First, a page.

What We Do
How we work
DHDI works alongside health civil society actors in humanitarian & development settings to incubate community-level digital health initiatives.
Our work prioritizes three central principles: disruption, decolonization, and democratization.
Disrupting Industry Narratives. DHDI is working with civil society organizations to expand the narrative of digital health as the domain of commercial & health industry actors alone to community digital ownership.
Digital Spaces as Operational Pathways to Advance Decolonial Global Health Transitions. We work collaboratively with community-based organizations to support their digital capacity & ethical digital health data governance to build community power & influence in shaping community health priorities.
Democratizing Health Evidence. DHDI collaborates with community-based organizations to design digital strategies to link individual-focused health behavior strategies with social & environmental determinants of health.
We do this work as a lean, virtual network of staff & volunteers. This enables us to pursue alternative strategies to traditional partnership models between organizations responding to gender & health issues in humanitarian & development settings.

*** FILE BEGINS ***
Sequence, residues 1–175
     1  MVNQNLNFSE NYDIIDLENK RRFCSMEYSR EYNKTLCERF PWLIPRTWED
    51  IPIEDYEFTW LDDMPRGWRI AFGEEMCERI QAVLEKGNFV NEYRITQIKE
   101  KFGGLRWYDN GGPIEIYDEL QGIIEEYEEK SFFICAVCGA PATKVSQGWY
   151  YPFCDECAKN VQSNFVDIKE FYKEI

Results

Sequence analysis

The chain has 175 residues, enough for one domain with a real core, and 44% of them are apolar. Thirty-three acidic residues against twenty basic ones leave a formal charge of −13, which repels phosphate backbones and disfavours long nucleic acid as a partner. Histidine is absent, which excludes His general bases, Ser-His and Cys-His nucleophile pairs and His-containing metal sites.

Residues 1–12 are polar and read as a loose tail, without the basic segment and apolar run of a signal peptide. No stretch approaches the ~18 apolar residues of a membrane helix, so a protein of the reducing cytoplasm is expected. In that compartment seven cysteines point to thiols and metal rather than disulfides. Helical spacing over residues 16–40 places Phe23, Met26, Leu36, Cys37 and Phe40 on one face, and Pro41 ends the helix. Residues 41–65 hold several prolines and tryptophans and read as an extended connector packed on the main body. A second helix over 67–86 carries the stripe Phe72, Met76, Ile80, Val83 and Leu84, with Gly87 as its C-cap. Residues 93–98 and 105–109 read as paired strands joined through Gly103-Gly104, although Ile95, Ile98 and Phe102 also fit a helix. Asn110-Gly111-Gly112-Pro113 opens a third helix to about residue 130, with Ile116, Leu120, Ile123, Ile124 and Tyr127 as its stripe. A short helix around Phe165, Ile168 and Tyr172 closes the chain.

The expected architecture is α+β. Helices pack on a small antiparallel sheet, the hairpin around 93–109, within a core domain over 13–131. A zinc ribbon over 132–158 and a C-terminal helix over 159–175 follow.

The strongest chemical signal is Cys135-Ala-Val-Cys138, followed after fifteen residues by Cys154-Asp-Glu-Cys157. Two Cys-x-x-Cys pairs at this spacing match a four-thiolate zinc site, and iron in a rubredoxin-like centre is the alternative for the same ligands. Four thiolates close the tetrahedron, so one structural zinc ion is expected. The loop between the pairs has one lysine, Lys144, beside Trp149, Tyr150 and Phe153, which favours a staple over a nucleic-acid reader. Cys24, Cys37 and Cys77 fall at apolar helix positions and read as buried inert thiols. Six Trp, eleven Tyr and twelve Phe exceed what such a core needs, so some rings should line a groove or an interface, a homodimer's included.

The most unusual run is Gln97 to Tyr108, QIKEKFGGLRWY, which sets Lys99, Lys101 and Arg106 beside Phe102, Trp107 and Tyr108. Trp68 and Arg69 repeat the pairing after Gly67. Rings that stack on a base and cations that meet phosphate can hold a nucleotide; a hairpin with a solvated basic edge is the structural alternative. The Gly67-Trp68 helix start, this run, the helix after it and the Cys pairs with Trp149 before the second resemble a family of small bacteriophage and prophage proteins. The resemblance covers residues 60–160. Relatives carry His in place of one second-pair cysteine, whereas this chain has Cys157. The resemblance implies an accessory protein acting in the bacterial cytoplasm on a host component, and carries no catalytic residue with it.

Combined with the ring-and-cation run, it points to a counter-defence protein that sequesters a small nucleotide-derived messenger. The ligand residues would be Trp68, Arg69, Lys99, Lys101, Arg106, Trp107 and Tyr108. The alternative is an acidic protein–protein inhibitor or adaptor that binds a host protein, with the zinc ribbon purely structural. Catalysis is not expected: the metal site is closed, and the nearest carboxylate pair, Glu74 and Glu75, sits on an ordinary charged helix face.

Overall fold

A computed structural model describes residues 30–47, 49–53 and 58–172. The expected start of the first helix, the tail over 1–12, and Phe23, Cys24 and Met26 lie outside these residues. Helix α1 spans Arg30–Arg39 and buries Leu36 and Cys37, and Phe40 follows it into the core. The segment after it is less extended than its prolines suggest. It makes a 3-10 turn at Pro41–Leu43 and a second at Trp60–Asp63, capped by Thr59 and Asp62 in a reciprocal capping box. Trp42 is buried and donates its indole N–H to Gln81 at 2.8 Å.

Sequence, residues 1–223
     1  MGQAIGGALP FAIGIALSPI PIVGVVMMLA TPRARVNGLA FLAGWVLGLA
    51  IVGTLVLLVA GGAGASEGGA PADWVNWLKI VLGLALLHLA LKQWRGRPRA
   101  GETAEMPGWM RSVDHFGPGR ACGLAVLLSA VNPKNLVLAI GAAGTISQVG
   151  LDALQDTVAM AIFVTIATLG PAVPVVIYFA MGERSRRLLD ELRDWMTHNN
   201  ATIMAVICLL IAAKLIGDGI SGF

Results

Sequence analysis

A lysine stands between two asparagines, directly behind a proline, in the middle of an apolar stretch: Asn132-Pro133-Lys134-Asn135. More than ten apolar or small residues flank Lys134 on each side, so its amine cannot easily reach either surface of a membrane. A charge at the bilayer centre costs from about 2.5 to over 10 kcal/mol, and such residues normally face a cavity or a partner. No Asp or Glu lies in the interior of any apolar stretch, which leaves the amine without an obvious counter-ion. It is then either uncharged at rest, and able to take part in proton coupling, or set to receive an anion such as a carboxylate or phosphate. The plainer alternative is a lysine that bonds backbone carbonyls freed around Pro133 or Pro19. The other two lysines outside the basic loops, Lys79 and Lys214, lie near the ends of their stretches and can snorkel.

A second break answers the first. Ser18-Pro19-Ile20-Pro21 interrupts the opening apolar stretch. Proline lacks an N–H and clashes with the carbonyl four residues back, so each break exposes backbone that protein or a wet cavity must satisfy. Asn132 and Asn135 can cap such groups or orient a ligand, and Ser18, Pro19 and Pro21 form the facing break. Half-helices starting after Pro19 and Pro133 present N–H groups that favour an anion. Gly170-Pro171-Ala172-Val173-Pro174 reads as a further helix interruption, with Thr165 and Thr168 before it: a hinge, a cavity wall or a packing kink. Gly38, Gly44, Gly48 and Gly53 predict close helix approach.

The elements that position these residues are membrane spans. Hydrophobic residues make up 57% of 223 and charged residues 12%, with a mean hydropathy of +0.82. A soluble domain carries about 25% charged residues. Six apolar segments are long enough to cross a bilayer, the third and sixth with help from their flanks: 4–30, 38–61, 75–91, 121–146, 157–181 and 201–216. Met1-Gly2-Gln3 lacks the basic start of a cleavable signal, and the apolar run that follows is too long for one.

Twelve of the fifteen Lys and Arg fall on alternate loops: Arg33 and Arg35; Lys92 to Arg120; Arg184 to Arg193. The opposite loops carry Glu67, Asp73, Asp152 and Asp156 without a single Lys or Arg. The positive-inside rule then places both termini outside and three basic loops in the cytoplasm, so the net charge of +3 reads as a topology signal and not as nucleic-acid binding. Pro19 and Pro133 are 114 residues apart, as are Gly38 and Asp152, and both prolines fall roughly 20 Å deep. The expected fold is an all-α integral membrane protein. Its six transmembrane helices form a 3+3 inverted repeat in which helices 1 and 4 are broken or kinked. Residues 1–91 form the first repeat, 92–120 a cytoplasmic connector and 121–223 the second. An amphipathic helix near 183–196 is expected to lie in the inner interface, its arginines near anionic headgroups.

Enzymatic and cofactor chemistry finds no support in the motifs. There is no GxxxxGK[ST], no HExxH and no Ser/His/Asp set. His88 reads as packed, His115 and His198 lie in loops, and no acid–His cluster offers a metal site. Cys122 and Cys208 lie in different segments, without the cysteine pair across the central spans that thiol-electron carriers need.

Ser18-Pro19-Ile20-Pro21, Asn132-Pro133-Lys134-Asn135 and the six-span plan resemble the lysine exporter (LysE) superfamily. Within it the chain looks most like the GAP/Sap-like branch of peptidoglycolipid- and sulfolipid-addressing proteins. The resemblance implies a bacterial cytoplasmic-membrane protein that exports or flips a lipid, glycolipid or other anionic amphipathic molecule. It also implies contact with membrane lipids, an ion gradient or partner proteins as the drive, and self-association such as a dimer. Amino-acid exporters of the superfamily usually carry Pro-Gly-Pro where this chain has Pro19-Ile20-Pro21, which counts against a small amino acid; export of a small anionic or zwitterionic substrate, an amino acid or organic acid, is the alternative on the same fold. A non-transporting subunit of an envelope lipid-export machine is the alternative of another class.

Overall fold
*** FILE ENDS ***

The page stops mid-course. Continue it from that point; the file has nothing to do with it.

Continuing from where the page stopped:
DHDI is actively cultivating new strategies to advance decolonized global health & gender partnerships.
DHDI was founded on the belief that optimization in any health or humanitarian emergency comes from authentic, equitable cross-cultural partnerships. But, inherent power hierarchies in resources and grant flow often thwart authentic partnerships in humanitarian & development settings.
The first step to solving a problem is acknowledging there is one.
By acknowledging the differences and the historic inequity in global health partnerships, we prioritize creating a heightened level of transparency and accountability with our partners. Furthermore, similar strategies apply to power differentials between service delivery organizations & communities served.
The relative 'newness' of digital strategies (for social impact) in humanitarian & development settings provides a unique opportunity to push reset on long-standing research & practice tradeoffs between community engagement and community ownership.
DHDI Founder, Sonia Navani, DrPH has spent the last 20 years working on gender, health & human rights issues. She has worked with communities affected by armed conflict and forced migration in over 15 countries throughout Africa, Asia & the Middle East with donor, UN, INGO, and local entities. Since 2012, Dr. Navani has focused her work on digital public health initiatives in resource-constrained settings.